Telluride Daily Planet, Friday, November 20, 2009
I really didn’t start using moisturizer until I was 48 years old. And as far as I know, only exotic types who stay out of the sun for years at a time — countesses or vampires, say — can get away with that.
I have no idea what I was busy thinking while the rest of the world stood in line buying kelp, ground-up pearls, Dead Sea minerals, topical vitamin C, and botanicals like calendula and heliochrism. It’s not like I didn’t need these things. Obviously, here at 9,000 feet, the air is so dry that you can actually feel desiccation occurring on site. We’re Appalachian apple dolls, our once juicy cheeks hollowing out and caving in at time-lapse speeds. And if you don’t put on sunscreen? You’re hundred-year-old shoe leather under a magnifying glass. You’re mummified, basically, but still alive and walking around under a permanent noonday sun.
Like everyone, I have a history with my own skin, one that explains in part what kept me from gunking up my pores with anything at all until pretty recently. In my case, it was trauma — the sundry humiliations of having grown up with acne and marching around splotched while the rest of the tweed-skirted Catholic girls sailed through high school without much facial stigmata at all.
The tale hit a low point when my mother dragged me, at 15, to Madigan, the army hospital in Tacoma, south of Seattle, where she consented to let them test-group me on a brand new product called Retin-A. In 1973, with a dosage of probably a trillion times what it is today, my face miraculously cleared to porcelain perfection for a couple of days before about-facing me down a different road, a bumpy, every-pore-is-a-pimple, paved-with-good-intentions, road-to-hell road. Disappearing further still into the dark and stormy teenscape, I picked up a few more cloaking devices to add to my wardrobe, and waited out the sadism of being a test rat in a military hospital.
Eventually — and long, long after my mother promised it would — my face did clear up, and I was somewhat protected against premature wrinkling by the same naturally oily skin that, as a teen, I’d cursed. I did very little to my skin for years, until one day, in one of those bed-and-bath stores, where I had a close encounter with my epidermis.
My own teenager and I are near the checkout counters, playing with back scratchers and massage balls, and looking at candy. I’m trying to decide if plastic is an actual ingredient in strawberry Twizzlers when I get distracted by a shelf of stand-up mirrors. I pick one up. It’s the 5x magnifier (which I’ve never used) and once its light is flicked on, I freeze into stone. For a moment, nothing exists but my face — in super-sized HD — set against the blurry world behind it.
“Mom!” Celine cries, fully aware of the pitfalls. “No—”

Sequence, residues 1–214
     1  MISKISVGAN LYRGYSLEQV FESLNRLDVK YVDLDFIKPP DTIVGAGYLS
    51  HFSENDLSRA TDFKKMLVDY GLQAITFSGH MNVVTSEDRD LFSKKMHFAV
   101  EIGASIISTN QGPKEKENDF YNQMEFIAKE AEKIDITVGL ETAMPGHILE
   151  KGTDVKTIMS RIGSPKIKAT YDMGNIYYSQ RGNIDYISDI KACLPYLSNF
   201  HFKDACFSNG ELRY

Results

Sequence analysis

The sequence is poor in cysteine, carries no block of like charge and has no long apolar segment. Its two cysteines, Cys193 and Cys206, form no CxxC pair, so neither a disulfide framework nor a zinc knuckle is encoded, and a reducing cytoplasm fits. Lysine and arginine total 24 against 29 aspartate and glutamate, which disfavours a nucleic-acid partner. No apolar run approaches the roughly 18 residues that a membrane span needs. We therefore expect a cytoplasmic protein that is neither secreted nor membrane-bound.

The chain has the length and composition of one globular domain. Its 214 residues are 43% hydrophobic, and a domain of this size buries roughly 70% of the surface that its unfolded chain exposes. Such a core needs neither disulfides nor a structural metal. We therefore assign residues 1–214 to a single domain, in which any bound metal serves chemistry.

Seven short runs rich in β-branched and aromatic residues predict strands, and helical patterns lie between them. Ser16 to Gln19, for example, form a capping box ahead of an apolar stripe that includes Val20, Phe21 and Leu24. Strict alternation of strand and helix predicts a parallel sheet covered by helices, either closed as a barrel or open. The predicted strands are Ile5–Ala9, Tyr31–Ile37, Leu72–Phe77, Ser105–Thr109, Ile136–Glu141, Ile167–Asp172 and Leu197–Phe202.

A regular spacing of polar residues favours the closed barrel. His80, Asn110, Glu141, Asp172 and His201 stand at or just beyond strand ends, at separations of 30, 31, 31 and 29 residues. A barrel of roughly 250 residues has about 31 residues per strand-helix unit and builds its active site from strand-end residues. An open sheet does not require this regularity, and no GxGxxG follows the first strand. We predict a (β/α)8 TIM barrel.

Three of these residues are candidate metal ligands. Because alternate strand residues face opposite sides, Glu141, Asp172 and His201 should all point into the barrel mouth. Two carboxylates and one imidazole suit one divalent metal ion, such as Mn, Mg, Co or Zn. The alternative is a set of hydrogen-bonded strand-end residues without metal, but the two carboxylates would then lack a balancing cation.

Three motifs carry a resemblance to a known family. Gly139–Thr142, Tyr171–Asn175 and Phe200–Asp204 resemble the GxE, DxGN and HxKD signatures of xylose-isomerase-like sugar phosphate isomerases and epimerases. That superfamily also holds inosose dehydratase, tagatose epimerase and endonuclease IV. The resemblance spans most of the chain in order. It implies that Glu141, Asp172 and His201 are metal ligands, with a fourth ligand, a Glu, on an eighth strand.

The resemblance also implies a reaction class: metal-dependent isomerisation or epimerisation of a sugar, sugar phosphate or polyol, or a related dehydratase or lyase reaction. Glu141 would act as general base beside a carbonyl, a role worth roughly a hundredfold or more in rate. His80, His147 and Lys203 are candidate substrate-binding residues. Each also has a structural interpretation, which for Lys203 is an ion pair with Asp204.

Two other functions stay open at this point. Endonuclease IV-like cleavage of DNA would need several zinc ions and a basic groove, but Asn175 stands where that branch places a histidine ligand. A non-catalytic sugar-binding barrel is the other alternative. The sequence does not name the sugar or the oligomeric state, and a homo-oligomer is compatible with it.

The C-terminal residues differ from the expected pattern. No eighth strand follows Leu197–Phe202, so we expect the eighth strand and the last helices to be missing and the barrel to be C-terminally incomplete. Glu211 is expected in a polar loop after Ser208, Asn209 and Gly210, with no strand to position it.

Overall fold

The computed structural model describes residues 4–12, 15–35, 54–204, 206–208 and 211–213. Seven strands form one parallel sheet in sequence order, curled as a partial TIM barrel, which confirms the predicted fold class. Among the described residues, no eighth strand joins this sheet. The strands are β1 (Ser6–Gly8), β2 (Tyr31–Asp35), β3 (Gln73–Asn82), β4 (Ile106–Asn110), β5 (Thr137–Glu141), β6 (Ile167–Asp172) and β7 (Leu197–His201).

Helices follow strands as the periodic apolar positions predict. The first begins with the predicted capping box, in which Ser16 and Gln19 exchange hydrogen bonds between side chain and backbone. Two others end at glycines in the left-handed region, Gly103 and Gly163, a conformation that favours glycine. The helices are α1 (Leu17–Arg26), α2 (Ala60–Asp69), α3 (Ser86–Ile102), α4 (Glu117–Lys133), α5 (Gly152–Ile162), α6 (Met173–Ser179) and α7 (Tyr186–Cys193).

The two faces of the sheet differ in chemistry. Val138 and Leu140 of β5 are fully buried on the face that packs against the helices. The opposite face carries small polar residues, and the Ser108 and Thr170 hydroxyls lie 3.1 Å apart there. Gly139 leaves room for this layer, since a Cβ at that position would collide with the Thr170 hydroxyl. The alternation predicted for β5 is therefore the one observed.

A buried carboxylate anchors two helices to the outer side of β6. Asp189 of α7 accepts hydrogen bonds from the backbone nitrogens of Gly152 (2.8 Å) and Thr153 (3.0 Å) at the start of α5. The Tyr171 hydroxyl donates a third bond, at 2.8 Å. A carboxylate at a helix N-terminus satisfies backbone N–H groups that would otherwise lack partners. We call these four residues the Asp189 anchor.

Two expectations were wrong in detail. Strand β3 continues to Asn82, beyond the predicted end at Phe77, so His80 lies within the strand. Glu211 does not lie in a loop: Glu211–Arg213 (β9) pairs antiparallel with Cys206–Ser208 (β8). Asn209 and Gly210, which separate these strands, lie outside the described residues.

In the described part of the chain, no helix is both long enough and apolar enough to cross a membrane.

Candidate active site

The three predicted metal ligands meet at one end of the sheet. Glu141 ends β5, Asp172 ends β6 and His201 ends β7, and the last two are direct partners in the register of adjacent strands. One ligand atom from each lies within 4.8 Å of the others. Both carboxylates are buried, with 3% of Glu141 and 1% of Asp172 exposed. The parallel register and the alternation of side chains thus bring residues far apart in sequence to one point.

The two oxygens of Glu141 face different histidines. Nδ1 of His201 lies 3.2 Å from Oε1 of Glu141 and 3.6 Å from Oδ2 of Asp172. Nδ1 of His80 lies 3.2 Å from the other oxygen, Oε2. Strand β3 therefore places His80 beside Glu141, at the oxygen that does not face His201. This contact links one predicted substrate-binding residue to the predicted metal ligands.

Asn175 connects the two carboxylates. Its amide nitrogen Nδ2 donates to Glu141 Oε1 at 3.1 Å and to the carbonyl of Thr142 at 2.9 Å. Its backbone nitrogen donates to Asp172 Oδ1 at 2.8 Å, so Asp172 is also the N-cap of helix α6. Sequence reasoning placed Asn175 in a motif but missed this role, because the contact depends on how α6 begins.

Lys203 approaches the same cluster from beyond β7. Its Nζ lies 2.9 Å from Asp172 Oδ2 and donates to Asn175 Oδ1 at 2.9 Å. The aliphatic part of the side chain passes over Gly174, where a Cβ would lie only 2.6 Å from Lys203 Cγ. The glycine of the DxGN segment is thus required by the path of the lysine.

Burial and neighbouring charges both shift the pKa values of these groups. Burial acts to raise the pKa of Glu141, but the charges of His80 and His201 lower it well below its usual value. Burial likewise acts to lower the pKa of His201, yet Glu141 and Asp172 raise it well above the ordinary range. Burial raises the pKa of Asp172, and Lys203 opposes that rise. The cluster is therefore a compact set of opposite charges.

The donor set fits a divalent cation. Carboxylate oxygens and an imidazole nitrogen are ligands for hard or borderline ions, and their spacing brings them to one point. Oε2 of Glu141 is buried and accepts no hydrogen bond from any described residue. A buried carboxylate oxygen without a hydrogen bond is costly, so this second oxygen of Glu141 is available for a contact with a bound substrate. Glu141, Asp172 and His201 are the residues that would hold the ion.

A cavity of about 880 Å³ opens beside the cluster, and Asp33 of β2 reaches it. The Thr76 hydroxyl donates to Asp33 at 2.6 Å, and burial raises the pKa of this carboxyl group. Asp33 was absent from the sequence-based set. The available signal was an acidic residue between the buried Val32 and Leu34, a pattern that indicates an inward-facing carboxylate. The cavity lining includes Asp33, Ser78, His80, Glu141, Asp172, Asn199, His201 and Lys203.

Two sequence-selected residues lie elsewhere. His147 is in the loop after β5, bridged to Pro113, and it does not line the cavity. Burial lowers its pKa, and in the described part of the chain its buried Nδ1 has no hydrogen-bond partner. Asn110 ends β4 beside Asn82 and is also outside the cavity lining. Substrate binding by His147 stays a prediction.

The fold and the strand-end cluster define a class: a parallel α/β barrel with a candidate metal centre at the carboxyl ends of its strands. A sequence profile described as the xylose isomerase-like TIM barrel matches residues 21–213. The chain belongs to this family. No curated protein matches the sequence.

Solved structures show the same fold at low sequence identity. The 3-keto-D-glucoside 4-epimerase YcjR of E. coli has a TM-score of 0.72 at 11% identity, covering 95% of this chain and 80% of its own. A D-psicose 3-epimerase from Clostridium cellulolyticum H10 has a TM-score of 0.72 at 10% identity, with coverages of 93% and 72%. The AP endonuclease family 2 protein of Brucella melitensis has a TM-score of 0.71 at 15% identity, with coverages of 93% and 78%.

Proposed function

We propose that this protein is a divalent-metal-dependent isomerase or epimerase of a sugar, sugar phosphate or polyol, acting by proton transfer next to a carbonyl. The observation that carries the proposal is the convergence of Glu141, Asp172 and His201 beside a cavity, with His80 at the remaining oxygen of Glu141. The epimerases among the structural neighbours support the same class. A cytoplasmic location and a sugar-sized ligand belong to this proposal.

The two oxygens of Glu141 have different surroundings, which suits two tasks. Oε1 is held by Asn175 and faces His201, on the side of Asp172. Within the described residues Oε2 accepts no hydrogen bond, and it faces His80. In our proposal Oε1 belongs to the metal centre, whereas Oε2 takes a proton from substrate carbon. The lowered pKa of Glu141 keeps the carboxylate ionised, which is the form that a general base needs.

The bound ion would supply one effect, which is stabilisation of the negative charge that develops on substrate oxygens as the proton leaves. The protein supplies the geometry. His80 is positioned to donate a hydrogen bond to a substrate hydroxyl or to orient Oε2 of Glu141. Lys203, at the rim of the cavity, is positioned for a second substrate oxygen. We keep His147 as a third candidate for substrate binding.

But, of course, it’s too late. I’m riveted. By splotches, craters, and harrowing wrinkles I’ve never even seen before. I press my face closer to the mirror, desperate for even greater magnification, thinking maybe at 25x things turn beautiful again, like anything does under a microscope. Eventually, feeling dizzy, I carefully put the thing back on the shelf and tiptoe out.
Suddenly, with an eidetic memory for every skin-care ad I’ve ever seen, I want it all: eye creams, wrinkle creams, non-greasy morning creams, highly rich nighttime ones, exfoliants, toners, masks, and tubes of topical oxygen. Unbelievably I reconsider Retinol, and also fruit acids, and small jars of super gels from the center of the earth. I don’t know what I need. Who am I, anyway? How did I get so lost?
For months and months, handcuffed to vanity — and with new wrinkles appearing pretty much at the same rate as my eyesight is disappearing — I flail with different products, different approaches. Then one summer day, at a little lavender farm in the Northwest, I buy a facial atomizer. And I discover that by spritzing my face, I am transported back to their hazy fields bending in the wind, bees swaying alongside the dusty blue stalks, sun above me, wind light on my arm hairs. Lavender unpanics me. My face likes it.
I get rid of every jar and tube on my shelf that has chemicals in it. Whatever I put on my face has to reconnect me somehow. That’s it. That’s as far as I’ve gotten on my skin care philosophy.
You know, at this very moment, magnifying mirrors are front and center at your local hardware store, two feet from the Christmas aisle. 4x purse- sized ones right up to lit-up 10x consoles. Some inspired and mischievous holiday elf is obviously encouraging anyone to start a little journey there. Because skin? Turns out even skin is deeper than skin deep.